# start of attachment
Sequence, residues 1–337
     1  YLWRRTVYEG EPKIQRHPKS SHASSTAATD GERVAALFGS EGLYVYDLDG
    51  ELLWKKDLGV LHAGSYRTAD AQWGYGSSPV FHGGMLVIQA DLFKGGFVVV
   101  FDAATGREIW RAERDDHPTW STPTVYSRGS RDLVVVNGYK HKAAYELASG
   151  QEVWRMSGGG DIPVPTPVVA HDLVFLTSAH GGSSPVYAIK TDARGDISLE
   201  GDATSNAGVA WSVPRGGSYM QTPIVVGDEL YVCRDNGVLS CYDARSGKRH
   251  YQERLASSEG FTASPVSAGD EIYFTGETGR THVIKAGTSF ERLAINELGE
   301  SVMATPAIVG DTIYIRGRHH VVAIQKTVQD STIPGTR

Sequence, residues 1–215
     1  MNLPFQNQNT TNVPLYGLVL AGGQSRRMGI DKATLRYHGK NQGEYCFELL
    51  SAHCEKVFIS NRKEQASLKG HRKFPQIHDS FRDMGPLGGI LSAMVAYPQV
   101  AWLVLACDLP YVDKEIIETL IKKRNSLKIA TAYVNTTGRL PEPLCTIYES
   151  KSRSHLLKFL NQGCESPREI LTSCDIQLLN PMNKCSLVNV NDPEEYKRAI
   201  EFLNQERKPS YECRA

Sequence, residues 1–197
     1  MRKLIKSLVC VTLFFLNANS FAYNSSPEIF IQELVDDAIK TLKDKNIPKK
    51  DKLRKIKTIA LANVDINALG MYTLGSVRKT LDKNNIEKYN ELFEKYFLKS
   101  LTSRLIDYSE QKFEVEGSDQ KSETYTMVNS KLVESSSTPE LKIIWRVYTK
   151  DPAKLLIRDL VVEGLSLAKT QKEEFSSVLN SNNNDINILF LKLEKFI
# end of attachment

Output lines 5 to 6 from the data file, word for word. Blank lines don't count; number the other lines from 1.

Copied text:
   151  QEVWRMSGGG DIPVPTPVVA HDLVFLTSAH GGSSPVYAIK TDARGDISLE
   201  GDATSNAGVA WSVPRGGSYM QTPIVVGDEL YVCRDNGVLS CYDARSGKRH